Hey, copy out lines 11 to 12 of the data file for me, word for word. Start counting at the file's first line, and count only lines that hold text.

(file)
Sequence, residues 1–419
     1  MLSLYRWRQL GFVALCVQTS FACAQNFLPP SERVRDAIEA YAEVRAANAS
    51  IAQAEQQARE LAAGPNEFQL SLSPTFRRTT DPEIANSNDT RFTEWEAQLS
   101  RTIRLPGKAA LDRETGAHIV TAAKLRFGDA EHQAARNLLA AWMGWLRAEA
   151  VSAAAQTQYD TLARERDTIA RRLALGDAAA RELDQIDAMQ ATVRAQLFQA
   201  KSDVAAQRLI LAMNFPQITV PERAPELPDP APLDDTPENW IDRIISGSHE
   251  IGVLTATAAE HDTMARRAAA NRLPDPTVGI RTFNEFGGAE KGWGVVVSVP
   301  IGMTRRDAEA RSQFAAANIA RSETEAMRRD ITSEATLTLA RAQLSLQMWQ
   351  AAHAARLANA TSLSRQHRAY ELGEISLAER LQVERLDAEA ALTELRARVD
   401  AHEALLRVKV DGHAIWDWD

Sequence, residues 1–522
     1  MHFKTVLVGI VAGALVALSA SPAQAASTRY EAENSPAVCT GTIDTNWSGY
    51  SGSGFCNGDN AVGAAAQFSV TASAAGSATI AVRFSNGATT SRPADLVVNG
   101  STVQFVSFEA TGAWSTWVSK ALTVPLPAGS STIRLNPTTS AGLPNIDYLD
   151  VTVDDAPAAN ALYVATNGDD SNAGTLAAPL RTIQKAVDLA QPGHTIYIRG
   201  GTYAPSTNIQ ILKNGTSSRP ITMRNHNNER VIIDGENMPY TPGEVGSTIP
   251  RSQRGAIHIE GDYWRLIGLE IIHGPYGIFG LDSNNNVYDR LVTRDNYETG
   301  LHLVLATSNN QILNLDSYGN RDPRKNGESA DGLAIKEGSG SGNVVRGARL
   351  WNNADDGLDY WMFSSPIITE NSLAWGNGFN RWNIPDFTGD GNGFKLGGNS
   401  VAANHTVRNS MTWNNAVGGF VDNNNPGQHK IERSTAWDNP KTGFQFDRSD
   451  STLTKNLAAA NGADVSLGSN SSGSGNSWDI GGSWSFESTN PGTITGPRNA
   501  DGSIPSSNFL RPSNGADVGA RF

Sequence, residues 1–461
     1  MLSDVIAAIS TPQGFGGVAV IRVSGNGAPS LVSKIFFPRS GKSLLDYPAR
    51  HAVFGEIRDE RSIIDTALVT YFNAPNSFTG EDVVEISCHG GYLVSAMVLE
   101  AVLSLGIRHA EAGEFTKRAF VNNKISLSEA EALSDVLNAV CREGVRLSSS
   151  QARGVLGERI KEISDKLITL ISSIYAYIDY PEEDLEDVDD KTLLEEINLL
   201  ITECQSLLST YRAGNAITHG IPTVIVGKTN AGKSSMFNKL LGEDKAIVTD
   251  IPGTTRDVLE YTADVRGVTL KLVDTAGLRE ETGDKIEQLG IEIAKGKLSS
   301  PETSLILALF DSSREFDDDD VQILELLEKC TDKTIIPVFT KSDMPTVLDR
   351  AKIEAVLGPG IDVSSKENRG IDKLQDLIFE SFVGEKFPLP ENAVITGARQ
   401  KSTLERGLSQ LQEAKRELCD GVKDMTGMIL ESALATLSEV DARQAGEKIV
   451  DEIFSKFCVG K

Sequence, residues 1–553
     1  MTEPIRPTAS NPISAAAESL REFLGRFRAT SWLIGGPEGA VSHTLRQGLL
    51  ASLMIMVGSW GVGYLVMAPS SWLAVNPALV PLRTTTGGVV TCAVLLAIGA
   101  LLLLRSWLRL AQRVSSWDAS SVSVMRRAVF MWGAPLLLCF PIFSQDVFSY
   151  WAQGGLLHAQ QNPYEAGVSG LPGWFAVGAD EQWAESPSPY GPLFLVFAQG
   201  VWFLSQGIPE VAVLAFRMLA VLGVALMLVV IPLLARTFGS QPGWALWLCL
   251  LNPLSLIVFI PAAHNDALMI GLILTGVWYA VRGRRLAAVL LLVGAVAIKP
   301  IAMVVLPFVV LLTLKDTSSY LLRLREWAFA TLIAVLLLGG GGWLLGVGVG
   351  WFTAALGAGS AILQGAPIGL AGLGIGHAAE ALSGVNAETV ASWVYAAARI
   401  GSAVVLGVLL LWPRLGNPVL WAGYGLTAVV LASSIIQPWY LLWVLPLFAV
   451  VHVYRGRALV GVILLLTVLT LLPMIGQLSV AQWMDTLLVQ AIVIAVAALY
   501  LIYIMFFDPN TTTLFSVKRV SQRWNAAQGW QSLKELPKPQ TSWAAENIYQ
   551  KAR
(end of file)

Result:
Sequence, residues 1–522
     1  MHFKTVLVGI VAGALVALSA SPAQAASTRY EAENSPAVCT GTIDTNWSGY